Tragedy

(2989 words)
  • Ros King (University of Southampton)

Theory and Definition of Tragedy

The definition of a literary genre is always problematic. Description of specific examples often slides into prescription of what the genre should be like in a rather circular attempt to measure how well those examples adhere to an ideal. In the case of tragedy, this is because theoretical writing has often stemmed from a need to defend theatre from the charge that it is an inherently immoral activity. Such attacks have been commonplace for as long as theatre has existed, partly because theatre so obviously brings to life in the person of the actor a mere fiction (even a “lie”), or a shadow of reality (see Plato Republic 595c, 598d, 605c-d, 607a, 602 b); partly because this f…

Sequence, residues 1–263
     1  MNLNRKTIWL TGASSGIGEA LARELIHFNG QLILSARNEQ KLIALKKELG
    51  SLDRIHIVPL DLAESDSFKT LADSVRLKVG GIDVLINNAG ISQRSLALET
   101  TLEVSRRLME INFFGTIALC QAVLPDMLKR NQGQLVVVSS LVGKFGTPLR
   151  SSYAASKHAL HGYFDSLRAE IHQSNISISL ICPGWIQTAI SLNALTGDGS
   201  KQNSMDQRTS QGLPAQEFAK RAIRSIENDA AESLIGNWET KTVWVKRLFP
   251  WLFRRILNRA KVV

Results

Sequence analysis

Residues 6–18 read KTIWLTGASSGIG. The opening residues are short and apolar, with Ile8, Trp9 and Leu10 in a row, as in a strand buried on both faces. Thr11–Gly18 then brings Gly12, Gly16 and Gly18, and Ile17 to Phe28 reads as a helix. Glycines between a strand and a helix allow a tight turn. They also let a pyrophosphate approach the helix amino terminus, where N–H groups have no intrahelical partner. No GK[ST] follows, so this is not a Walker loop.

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Citation:
King, Ros. "Tragedy". The Literary Encyclopedia. First published 01 November 2004
[http://www.litencyc.com/php/stopics.php?rec=true&UID=1132, accessed 19 April 2014.]


Related Groups

  1. Literary Genres and Modes